How can you help the vineyards hit hardest by the Napa Valley fires? Well, start by drinking their wine.
With an endless news cycle, it can be easy to forget the raging fires that swept through California’s Sonoma and Napa wine country back in October—that is, unless you live there. While the industry generally considers itself fortunate—less than 14 percent of Napa’s 504,000 acres were burned—some of the finest small producers took a bad hit. Fortunately, there are very pleasant ways to help these dedicated artisans. The best thing, says Patsy McGaughy of the Visit Napa Valley association, is to visit. Failing that, indulge in a great bottle from them and toast to their recovery. Here are a few ideas from some of the most affected wineries.
Comparisons have little place in the face of disaster, but it’s safe to say no one had it worse than Signorello Estate—the first maker people mention when speaking about the fires’ impact. Most of the winery’s buildings were destroyed, though off-site storage means the elegant wines are largely still available. “The world saw Signorello Estate as the face of the Napa Valley fire,” notes Tom Taylor and Maurice Lombardo, architects recently hired to conceive the winery’s new facilities. “Soon they will see it as a leading symbol of this region’s comeback.”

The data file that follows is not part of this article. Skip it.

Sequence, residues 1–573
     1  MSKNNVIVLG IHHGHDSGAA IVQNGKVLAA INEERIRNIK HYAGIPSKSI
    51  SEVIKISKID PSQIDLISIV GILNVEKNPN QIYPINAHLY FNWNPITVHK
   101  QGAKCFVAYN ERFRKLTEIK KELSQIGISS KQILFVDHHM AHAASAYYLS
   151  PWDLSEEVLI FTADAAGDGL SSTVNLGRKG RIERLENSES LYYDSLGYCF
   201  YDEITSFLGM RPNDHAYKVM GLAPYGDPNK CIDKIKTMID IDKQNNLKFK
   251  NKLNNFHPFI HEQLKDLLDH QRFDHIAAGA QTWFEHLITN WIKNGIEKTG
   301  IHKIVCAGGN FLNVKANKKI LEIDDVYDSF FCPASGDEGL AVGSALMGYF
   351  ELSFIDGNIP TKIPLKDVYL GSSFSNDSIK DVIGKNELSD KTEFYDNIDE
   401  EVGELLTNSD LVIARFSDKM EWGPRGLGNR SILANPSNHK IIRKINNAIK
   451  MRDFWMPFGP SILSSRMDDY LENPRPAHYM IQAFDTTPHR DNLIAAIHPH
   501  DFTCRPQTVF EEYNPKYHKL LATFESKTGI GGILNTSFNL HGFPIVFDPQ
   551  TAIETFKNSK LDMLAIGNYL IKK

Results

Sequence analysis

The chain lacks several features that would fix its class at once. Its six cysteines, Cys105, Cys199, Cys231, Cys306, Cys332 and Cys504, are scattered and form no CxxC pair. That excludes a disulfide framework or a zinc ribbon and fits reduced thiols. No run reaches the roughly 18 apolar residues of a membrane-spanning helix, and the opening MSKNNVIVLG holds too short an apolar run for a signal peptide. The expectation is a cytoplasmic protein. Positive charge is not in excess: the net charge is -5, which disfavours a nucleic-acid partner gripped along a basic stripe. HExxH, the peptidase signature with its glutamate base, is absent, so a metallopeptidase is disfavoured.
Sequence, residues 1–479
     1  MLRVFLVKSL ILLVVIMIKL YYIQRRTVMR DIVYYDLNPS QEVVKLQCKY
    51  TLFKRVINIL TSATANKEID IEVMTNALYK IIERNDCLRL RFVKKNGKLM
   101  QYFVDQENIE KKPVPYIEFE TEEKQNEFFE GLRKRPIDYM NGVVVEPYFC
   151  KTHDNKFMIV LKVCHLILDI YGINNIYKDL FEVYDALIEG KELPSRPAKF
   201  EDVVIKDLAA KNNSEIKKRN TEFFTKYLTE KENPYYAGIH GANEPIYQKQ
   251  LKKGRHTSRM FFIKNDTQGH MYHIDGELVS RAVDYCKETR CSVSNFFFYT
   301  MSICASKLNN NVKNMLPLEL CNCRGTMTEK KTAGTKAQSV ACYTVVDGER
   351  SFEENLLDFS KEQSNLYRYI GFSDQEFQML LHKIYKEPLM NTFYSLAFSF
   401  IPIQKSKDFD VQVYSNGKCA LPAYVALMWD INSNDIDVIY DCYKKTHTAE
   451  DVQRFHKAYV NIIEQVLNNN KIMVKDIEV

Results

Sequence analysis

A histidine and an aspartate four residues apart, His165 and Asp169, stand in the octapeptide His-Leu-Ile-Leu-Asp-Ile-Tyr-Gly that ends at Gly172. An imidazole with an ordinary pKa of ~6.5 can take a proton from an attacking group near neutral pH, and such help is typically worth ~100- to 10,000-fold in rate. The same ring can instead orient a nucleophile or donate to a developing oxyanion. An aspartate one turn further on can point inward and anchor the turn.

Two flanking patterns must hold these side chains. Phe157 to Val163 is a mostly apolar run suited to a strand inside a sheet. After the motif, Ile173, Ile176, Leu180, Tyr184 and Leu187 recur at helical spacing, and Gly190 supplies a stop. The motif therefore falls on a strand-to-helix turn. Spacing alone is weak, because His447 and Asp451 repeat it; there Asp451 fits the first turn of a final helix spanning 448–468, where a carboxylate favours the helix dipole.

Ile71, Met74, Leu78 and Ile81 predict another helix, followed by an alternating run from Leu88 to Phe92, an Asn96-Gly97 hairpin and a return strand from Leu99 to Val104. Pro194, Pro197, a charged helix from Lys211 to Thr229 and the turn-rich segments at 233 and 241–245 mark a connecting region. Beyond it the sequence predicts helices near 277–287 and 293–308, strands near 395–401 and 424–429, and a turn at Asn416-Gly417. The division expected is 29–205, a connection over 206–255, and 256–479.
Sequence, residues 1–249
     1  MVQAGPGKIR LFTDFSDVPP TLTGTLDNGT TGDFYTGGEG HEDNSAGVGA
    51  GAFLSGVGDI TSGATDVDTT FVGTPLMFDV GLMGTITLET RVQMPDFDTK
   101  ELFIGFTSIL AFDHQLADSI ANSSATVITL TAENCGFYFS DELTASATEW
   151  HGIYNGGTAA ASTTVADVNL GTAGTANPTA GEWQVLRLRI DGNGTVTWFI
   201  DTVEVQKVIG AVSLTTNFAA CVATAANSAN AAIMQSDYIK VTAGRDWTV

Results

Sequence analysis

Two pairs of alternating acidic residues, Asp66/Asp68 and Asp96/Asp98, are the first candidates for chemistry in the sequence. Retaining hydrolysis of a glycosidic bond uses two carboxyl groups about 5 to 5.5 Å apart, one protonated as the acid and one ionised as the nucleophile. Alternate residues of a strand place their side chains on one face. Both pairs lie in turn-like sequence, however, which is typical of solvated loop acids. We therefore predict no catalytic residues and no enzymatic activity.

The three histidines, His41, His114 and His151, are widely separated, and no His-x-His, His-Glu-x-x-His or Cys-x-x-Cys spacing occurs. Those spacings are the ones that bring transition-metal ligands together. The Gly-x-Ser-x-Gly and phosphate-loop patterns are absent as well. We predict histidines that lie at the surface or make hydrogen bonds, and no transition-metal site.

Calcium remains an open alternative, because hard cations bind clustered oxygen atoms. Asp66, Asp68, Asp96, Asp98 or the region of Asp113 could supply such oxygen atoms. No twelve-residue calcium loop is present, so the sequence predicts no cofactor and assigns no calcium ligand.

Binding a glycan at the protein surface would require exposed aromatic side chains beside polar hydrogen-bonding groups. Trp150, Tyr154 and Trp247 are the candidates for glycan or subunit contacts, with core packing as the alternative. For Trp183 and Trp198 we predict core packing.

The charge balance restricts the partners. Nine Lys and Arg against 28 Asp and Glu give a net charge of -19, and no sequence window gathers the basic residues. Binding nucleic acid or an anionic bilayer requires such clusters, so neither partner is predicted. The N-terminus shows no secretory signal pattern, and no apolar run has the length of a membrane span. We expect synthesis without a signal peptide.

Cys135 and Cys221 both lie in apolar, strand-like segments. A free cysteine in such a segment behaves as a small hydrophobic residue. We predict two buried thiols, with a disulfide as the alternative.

TRY: Critic Robert Parker called Signorello’s Padrone cabernet ($175), a blend built in honor of the owner’s father, a “beauty.” signorelloestate.com
The good news is the VinRoc winery is “a cave dug into a hillside,” says co-owner Michael Parmenter, and most of its existing inventory was in an off-site warehouse. But that’s where the good news ends. “The fire pretty much devastated our property,” says Parmenter. “The main house, the guesthouse, a barn, all my business records—destroyed.” Though the vineyards are expected to survive, he also lost nearly all his 2017 harvest—and he’s still commuting from San Francisco. Nevertheless, he says, “we have to look at the half-full part of it. We’re still doing business.”
TRY: The newly released 2014 Atlas Peak estate cabernet ($125) is a classic Cali gem. vinrocnapa.com
“A lot of people were hurt worse than we were,” says Robert Sinskey, proprietor of his eponymous “dirt-totable” vineyard. “A lot of people suffered personal losses that were much more traumatic than ours.” Still, Sinskey’s operation lost 5 acres of irreplaceable old vine Bordeaux grapes—his entire holdings in the Stags Leap area—and 20 percent of his crop elsewhere had too much of what he calls “smoke taint.”
TRY: Sinskey’s aromatic Abraxas ($36), a blend of riesling, pinot gris, pinot blanc and gewürztraminer, is the perfect accompaniment to an alfresco supper. robertsinskey.com